The following is a guest post by my very awesome friend Shaam-pot. He's really fun and he likes almost the same stuff I do, so you'll get along well with him.
I’m Shaam, as Shaha has introduced me. I’m sure you have heard a lot of good things about me… all of which is true. (Yes, modesty has never been my strongest suit, I guess. Haha!)
Anyway, I’m sorry I’m about to make the cheery, love-able and wonderful blog that is Diary Girl, a bit dark and somber. But I feel like I should talk about this now, because this may be a good time as any, to talk about it.
What is the only thing we are definitely sure of in our lives? What is that incomprehensible, unavoidable, inevitable denominator in every living thing in this world? For some, it may very well be obvious. For others, it may take a few seconds or even minutes to register what it is.
Still not sure of what it is?
It’s the fact that we will all die; everything living has an expiration date. I don’t blame the people who didn't get what it was as promptly as others, because I was one of those people too. The fact that I will die has been shoved so back in my mind that I often pretend like it won’t happen to me. Sometimes, we often think of death in a third person perspective – like it won’t ever happen to us. Sure, we say that we all will die, but deep inside, you don’t believe it would happen to you.
Why is it though? Why do we do our best to push it to the back of our minds, and pretend like it isn't there? And if you somehow come across the thought of you dying, why do you do your best to not think about it? Why are we so afraid of death?
Is it because you are unsure of what lies ahead, despite your religious and spiritual beliefs? Is it because death could be painful? Or is it because you have so much to lose?
I don’t know about you, but often, I lie awake in my bed at night, just before I fall asleep and think about where my life is going; and this one time, I lay awake for about an hour or so, thinking about my whole life, and what it has meant so far. I thought about all of the people I have met, the things I have done, the things I failed to do, and the people I have pushed away from my life. Mind you, those days were kind of hard for me, so all the good, the bad and the really bad came flooding like the crashing of a dam. While the memories flooded my brain one by one like some sort of sordid slide show, it then concluded to a question; a single question which made me shudder;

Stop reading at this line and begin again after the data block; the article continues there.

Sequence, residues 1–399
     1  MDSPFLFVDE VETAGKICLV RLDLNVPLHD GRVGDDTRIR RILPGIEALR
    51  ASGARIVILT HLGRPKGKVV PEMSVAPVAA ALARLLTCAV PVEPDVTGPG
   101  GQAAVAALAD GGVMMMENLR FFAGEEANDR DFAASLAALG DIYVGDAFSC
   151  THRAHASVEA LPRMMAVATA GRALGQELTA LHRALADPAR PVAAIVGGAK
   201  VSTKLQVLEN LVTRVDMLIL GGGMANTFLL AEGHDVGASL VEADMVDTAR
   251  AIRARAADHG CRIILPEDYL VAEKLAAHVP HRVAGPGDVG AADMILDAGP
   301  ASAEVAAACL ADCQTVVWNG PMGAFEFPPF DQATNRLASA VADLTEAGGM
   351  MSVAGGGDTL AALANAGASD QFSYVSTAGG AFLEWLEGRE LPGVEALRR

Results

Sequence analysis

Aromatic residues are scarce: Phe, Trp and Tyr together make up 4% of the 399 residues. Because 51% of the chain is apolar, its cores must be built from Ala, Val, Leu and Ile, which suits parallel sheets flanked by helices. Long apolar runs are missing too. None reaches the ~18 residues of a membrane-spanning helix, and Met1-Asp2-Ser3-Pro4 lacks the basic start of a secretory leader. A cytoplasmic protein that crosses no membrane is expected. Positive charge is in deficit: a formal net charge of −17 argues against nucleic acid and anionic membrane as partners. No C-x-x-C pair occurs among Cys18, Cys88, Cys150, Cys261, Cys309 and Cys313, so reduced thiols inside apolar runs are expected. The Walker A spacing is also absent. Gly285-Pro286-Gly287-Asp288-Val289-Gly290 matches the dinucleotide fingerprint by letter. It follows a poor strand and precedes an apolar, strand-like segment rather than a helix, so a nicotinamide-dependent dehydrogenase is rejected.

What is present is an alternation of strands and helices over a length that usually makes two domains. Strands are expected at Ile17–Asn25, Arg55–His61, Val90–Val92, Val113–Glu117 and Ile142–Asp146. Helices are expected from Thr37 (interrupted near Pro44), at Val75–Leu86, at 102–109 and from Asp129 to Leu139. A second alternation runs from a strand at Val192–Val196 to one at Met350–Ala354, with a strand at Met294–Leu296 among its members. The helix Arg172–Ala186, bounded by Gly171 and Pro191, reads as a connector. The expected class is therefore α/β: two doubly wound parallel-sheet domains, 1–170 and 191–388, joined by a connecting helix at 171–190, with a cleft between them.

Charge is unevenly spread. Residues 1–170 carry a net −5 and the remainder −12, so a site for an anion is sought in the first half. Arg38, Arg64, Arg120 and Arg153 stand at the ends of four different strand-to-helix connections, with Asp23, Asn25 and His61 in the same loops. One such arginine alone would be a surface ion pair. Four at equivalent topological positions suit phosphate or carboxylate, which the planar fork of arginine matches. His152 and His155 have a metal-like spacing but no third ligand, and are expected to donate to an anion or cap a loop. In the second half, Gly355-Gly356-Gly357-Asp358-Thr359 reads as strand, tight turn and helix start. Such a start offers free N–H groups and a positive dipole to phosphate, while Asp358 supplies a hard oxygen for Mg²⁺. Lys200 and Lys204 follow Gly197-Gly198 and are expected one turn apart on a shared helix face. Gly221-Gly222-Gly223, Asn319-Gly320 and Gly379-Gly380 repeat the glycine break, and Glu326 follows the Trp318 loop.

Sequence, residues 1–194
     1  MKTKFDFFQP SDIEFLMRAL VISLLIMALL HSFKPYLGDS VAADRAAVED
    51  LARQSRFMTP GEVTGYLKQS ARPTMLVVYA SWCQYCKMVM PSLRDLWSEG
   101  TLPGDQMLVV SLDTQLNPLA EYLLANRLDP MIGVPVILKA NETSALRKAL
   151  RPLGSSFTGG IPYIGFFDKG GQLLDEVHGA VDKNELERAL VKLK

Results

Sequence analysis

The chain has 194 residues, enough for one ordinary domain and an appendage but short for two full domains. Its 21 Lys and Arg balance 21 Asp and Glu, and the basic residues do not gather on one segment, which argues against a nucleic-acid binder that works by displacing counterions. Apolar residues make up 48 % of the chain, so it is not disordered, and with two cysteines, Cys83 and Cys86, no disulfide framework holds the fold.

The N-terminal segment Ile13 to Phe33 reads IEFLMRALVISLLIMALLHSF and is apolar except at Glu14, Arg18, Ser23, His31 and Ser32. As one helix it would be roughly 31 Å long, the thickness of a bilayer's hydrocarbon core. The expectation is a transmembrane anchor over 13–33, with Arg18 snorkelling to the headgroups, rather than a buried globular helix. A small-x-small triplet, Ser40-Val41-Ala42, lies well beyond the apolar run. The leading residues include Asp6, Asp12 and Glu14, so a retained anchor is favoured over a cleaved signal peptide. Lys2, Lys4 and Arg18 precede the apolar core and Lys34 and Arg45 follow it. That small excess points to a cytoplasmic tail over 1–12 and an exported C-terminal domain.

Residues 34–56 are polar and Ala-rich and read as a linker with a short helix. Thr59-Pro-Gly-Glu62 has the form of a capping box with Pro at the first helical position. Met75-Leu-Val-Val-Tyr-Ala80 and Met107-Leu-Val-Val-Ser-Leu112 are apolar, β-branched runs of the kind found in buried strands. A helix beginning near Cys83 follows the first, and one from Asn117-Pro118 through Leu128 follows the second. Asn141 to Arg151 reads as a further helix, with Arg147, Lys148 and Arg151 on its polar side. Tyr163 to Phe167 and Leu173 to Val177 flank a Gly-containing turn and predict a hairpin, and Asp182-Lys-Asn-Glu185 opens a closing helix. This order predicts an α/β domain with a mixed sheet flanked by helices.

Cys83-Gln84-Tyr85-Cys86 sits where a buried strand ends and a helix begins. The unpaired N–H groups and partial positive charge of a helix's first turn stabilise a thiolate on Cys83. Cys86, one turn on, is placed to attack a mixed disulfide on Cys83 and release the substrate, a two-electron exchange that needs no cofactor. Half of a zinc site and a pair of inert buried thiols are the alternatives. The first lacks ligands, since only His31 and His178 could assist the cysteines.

Will I be remembered?
Have I made a lasting impression on anyone in my life? What will I leave behind in this world when I die?
At that moment, I couldn't help but feel a sense of urgency in myself. I began making amendments in my life the next day; talking to that ex-girlfriend who I stopped talking to, apologizing to a friend I've abandoned over some silly misunderstanding, and other things (I can’t write them on here. Sorry).
Thinking back to that day, I wonder why the question of me being remembered was so profound. I now realize that it is because I had so much to lose, because I have not given any of myself away, if that makes any sense. My mind, body and soul were never shared with anyone in any meaningful way, that I was scared I would die before I got to do that.
I’m not speaking of love. I’m speaking in a broader sense, of offering myself to the universe and being one with it. Making sure I’m not just a passer-by. I need to make it meaningful – every moment, every breath. I for sure, do not want to be forgotten when I die.
But then again, it is so hard to make everything meaningful in life. It gets tiring and exhausting to be in a constant state of appreciation, doesn't it? Because let’s face it, life is not always an enjoyable ride. The heartbreaks, the failures, the loss often take a toll on you, doesn't it?
Which is why we need to take that thought of death, from the back of our minds; we need to rummage behind those figurative shelves of memories, and take that thought out, dust it off, and place it somewhere we can reach it. Because, I believe thinking about death shouldn't always a somber affair. It can be a reality check, which brings your life into perspective. Because when you think about your death, you begin to see the larger, broader picture of your life, and begin to see what is really important. You realize your time is limited, and the limited time you have should not be wasted on momentary bumps along the ride. And when you see that end of the ride, you want to make everything right before you leave.
I sound like I have found the meaning of life, don’t I? But to tell you the truth, I am nowhere near finding it, and I don’t think I will find it anywhere near in time. I constantly forget about death, and neglect my life in more ways than one. I suppose we all struggle to find the answers to the crucial questions; what is the meaning of life? Why are we here? What am I supposed to do? And I think our lives are a constant journey to find the answers to those questions.
I think each individual’s meaning of their life is different from the other. It all depends on what we do with our lives, I guess. But one thing is certain in life, perhaps a little more so than our death;
We all want meaning.